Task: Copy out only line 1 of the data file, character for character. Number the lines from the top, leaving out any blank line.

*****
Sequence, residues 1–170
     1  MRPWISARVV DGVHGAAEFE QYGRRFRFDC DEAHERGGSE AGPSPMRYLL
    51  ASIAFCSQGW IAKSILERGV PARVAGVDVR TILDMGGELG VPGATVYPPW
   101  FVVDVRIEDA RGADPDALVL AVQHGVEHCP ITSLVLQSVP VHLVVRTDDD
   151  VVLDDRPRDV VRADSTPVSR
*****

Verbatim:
Sequence, residues 1–170